OK Go’s lead singer talks college, new music and advice for grads

OK Gos lead singer talks college, new music and advice for grads

OK-Go-credit-Makoto-Kubota.jpg

Indie rockers OK Go will play an all-ages show at The Complex on April 25. I caught up with lead singer Damian Kulash to discuss college, music videos and that one time he got a loan from Ian MacKaye, lead singer of beloved D.C. punk band Fugazi, to produce a record at the ripe old age of 15.

Sam Pannier: Most of our readers are college students from the U, so my first question is about what college was like for you.

Damian Kulash: College was awesome. I think it was probably the best four years of my life.

SP: Did you get serious about your music in college or afterwards?

DK: As a kid, I think I took visual art more seriously. I spent all of my time painting and drawing, and when I went to college I think I figured that was the direction I was headed in. But I didn’t love the art department … there wasn’t a lot of respect for craft. There were people with a lot of crazy ideas but not the skill or desire to gain the skills to achieve them … At the same time, I had always been into music. I actually ran an indie label in high school, putting out my friends’ bands’ music.

When I got out of college, I was working as a graphic designer and a radio engineer, actually, so still a little bit of both [visual art and music]. The band was my main passion at that point, but I’m a little too practical to think that — you know, making a living in music is a one-in-a-million thing. So few people get to do it that I didn’t assume it was going to really work, but I thought, hey, I’ll give it my best shot … luckily within a few years the band was doing so well that I didn’t have to work as a graphic designer anymore.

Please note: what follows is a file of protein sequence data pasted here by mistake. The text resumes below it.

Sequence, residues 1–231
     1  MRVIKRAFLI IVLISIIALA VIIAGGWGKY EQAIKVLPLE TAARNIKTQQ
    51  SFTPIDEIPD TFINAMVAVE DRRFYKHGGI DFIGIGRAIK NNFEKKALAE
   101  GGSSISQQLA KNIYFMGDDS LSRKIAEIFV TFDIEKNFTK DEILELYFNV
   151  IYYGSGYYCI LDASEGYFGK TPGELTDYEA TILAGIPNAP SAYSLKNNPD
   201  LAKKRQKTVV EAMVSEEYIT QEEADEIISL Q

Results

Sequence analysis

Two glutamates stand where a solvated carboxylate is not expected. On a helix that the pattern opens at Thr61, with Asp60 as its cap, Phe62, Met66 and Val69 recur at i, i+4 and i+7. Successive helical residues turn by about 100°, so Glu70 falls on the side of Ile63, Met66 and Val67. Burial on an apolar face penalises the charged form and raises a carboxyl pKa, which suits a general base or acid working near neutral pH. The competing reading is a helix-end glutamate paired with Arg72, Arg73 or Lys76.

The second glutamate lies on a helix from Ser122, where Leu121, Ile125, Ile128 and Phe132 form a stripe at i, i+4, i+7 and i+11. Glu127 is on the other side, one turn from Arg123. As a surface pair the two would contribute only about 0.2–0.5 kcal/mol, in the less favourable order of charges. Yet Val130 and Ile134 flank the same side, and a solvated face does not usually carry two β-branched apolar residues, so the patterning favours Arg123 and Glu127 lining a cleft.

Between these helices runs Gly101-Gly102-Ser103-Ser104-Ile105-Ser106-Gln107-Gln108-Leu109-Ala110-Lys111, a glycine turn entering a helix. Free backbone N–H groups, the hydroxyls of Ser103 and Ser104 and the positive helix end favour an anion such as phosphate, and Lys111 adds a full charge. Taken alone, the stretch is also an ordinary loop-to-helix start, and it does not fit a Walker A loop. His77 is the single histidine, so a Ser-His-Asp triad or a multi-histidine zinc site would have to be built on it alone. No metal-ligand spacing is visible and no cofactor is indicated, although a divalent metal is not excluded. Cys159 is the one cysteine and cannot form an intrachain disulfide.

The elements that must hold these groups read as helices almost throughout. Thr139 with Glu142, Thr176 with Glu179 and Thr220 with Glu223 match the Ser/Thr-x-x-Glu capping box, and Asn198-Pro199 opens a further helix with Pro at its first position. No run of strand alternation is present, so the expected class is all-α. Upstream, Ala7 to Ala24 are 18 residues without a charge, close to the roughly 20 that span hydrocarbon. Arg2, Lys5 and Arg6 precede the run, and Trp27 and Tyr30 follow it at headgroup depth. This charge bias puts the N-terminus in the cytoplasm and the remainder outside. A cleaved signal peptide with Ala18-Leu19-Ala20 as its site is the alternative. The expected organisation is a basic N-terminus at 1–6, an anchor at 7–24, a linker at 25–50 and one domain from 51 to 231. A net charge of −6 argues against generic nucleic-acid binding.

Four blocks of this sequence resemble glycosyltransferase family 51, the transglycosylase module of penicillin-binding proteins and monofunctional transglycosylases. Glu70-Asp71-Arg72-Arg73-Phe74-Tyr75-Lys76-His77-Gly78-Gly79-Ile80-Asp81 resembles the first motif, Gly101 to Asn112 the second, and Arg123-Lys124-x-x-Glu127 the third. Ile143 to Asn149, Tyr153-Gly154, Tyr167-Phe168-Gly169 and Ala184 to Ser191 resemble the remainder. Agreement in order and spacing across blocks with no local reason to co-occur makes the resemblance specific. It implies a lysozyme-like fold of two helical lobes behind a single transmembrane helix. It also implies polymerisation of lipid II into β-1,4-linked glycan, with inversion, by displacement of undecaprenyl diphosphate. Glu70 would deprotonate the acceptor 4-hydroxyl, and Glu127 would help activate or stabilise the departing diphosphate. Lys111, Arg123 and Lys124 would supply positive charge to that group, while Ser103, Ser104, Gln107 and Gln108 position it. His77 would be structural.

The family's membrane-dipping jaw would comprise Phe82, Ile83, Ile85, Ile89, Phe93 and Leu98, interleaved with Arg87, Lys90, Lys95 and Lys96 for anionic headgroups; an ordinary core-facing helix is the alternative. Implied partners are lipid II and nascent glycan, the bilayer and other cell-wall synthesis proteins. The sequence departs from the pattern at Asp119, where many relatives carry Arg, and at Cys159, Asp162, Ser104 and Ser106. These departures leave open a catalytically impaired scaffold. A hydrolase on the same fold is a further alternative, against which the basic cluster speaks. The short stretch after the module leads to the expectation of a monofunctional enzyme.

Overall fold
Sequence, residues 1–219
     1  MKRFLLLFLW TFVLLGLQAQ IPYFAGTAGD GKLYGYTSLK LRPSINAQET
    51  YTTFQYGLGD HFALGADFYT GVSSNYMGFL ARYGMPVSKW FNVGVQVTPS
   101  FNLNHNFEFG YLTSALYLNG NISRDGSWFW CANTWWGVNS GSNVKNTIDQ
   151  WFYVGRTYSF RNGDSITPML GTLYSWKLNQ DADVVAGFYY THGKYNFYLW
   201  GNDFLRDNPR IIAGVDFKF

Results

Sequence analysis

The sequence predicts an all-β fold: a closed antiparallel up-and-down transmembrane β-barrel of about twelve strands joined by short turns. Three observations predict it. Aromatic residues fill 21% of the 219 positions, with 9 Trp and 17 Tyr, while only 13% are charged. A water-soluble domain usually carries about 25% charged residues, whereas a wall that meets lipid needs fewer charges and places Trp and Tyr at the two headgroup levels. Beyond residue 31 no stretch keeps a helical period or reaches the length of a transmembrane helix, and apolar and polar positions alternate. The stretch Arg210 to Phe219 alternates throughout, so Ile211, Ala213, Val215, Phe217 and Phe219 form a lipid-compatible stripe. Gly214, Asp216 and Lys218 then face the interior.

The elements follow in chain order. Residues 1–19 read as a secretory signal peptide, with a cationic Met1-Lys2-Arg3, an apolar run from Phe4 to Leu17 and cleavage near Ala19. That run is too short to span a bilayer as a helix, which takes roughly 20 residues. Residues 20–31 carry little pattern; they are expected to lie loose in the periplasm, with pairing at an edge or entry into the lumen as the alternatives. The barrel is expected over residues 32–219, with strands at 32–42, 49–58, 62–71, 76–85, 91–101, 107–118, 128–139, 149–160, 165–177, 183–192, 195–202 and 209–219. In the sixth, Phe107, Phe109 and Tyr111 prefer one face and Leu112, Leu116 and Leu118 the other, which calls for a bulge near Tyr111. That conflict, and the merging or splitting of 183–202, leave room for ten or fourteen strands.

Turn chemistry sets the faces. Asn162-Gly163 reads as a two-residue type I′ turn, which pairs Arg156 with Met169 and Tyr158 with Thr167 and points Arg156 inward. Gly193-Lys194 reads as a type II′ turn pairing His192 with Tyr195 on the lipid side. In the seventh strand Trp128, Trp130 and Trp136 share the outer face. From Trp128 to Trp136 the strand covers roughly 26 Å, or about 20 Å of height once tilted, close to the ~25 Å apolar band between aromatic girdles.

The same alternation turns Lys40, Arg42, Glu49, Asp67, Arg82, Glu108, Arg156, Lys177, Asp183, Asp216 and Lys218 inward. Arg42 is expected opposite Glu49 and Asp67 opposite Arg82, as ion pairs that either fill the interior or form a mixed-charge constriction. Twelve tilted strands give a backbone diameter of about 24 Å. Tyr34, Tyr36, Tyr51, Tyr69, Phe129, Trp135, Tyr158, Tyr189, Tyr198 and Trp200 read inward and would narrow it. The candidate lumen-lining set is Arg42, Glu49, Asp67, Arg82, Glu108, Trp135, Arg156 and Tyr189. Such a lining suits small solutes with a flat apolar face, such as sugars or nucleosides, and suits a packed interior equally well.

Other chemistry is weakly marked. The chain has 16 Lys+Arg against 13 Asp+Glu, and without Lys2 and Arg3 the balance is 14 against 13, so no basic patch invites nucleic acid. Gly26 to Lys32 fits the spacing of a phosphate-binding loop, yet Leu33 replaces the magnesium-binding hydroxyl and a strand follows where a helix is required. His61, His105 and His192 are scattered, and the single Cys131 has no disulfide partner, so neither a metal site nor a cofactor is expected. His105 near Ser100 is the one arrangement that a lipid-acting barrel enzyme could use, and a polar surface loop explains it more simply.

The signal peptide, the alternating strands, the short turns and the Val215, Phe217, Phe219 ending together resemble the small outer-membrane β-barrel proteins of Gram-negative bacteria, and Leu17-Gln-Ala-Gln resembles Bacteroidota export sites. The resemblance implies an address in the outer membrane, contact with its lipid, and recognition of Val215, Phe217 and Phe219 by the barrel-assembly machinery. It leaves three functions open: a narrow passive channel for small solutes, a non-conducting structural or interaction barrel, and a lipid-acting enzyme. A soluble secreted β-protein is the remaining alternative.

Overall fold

SP: I don’t know if it’s an integrity thing, but adding a sort of organic nature to the art, maybe?

DK: Well yeah, I had come from D.C. where there is a really, really strong DIY ethic. I worshipped Ian MacKaye and Jenny Toomey [prolific D.C. musician, arts activist and Simple Machines co-founder], Dischord and Simple Machines [record labels]. I actually ran this little label in high school, and when I wanted to put out a CD … I literally walked up to Ian MacKaye’s house and said, “Hey, can I have a loan?” and he actually gave me money to put out a record … This guy is like an international superhero, Minor Threat and Fugazi, and a 15-year-old kid walks up to his door, and he writes him a check — “Yeah, man, if you want to make a record, you go make a record, buddy!”

SP: A lot of the recent stuff you guys have been doing with your videos reminds me of Talking Heads around “Stop Making Sense.” Do you guys consider yourselves visual artists in addition to musicians, or is there no distinction?

DK: I prefer to have to not make the distinction. Obviously, we know the difference between our eyes and our ears, but the truth is … it’s always all your senses. The music industry had a very convenient source of value for about a century there. You could really build an industry around distributing and selling [music], which is a lot harder to do with sort of general experiences. You know music before the 20th century was never locked down in that way. You couldn’t hear music without someone playing it right in front of you. There was no way to hear music without seeing it at the same time.

Yes, sound and vision are different, but you are always working with both in some way, so to me for practical … reasons, we need to have boxes to put things in. They don’t always line up in those neat little boxes — in fact, it’s more fun for me when they don’t. I love the challenge of making something that doesn’t really have a label to fit under.

SP: A lot of our readers are about to graduate, so what would you have said to your about-to-graduate or recently graduated self?

DK: [laughs] Man, well for me personally, I was relentless, and, like, I think I would have told myself, “Listen up, dude, it’s going to be okay.” I was a very hardworking person just to the point of being stressed all the time. But also I think the biggest lesson of our career over 16 years has been a fairly simple one: chasing our best ideas rather than the ones we think are going to fit the bill, and for us at least, that has been more successful. Not trying to make the thing that you think will be successful but making the thing that you love making and that is most interesting to you. There was no spot in the music industry in 2002 for the type of stuff that we make now. If we had kept on trying to make things to fit that industry, not only would we not be very good at it, but we wouldn’t be very successful either, and I don’t think we would be very creatively satisfied. If I could talk to myself back then, I think I would say, ‘Believe in your best ideas, not in the ones you think will be successful.’

[email protected]
@ChronyArts